Reacting to the rail fares announcement he said: ‘New year rail fare rises are more reliable in Tory Britain than the weather or our beleaguered rail services.
‘Passengers deserve a break from this annual, legalised, privatised rail rip-off.
A year of strikes and delays will leave many commuters puzzled as to why some are forking out an extra £100 annually for travel
The Department for Transport addressed the upcoming price hike, saying: ‘For the sixth year running, the Government has frozen regulated fares in line with inflation.
‘Fares are set by operators but capped by the Government. Since 2014 fares have, on average, remained below the annual inflation cap.
‘Any fare increase is unwelcome, but it is not fair to ask people who do not use trains to pay more for those who do.
‘Taxpayers already subsidise the network by more than £4 billion a year – meaning that 54% of our transport budget is spent on the 2% of journeys that the railway accounts for.’
Last night a Tory Mp blamed rising prices on trade unionists striking on the train lines.
The Rail, Maritime and Transport Union, which has orchestrated crippling strikes across the country, is refusing to ditch the higher measure of RPI of inflation as a starting point for pay negotiations, despite the fact it has been widely discredited.
Huw Merriman, a member of the Commons transport committee, told the Daily Mail: ‘It cannot be right that the rail unions receive a higher wage based on RPI when most passengers, who fund these pay deals, only get pay rises using the lower CPI.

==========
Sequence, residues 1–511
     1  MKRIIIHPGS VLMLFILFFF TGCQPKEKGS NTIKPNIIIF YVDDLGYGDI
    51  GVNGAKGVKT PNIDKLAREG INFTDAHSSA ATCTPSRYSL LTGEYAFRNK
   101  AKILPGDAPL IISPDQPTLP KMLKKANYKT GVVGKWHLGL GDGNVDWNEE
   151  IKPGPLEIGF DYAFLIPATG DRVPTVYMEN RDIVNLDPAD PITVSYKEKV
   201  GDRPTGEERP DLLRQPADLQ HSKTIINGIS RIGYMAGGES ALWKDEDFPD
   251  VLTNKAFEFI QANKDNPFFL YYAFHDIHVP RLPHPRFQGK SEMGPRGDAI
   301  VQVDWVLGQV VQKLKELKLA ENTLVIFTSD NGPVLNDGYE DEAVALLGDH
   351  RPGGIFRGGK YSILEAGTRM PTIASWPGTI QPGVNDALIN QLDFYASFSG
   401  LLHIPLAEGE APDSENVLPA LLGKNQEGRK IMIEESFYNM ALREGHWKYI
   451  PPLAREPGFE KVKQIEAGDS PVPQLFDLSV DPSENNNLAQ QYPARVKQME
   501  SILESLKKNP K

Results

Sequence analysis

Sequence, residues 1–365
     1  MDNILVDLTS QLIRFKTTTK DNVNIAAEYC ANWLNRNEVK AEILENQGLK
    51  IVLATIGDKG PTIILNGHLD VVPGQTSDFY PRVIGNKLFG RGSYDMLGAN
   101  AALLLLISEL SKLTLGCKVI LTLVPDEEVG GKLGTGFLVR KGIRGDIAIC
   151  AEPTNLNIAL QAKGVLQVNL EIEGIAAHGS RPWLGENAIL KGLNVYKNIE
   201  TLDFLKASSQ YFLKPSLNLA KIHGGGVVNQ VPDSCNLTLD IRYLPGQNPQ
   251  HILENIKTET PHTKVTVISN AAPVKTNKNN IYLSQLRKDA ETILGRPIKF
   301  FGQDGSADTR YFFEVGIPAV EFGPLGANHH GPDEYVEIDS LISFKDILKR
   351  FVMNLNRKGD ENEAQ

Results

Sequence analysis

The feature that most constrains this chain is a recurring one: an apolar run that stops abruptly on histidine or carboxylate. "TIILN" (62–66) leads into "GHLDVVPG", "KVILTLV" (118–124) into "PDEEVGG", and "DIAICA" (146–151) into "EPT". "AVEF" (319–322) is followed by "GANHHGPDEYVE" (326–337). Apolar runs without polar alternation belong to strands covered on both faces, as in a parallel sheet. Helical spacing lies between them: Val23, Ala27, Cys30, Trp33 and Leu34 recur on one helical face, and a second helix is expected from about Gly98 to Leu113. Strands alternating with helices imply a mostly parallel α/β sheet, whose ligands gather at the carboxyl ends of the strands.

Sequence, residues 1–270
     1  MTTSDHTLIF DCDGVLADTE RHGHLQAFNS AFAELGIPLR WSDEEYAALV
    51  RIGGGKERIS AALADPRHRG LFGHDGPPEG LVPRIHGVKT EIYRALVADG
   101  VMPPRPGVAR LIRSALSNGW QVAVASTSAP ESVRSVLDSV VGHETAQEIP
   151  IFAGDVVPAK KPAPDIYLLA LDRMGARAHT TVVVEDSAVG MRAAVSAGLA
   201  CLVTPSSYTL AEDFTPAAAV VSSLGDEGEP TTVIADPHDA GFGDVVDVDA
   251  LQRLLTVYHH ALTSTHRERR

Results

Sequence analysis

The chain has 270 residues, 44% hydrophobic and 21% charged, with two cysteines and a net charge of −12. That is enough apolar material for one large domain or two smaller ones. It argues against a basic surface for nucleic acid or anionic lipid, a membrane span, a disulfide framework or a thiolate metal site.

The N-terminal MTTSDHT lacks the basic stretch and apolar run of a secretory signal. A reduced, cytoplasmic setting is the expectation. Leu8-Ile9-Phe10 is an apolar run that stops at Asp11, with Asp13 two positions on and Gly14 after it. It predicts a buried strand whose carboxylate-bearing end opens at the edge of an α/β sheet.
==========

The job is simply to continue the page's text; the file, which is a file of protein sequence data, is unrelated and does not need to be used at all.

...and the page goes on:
‘If the unions are really serious about limiting fare rises, they should accept the same method for setting pay which their passengers are limited to, rather than threatening more strike misery.’
The fare increase comes as Transport Secretary Chris Grayling blames union demands for inflation-busting pay rises for rail staff.
Back in August, he urged the unions to switch to an official CPI measure of inflation, but union bosses have refused to negotiate and instead threatened to stage more protests if pay curbs are imposed.
An insult to train passengers: On the day Network Rail is savaged for worst punctuality in 15 years, ex-boss gets a CBE (and insists on no publicity)
The former boss of Network Rail was honoured at Buckingham Palace yesterday – on the day the firm was rebuked for failing to deliver a ‘punctual and reliable’ service.
Mark Carne received a CBE from Prince William only two hours after the industry regulator savaged Network Rail for ‘systemic’ failings and issued an order for it to improve ‘urgently’.
Mr Carne, who took early retirement from his £820,000-a-year job in July, collected his honour under a self-imposed media blackout – refusing to allow pictures of his big moment to be made public.
Mr Carne used to earn £820,000 a year as the boss of infrastructure firm but he wanted to keep the celebrations quiet
Labour MP John Mann said: ‘It’s no wonder Mr Carne is so embarrassed about receiving this award.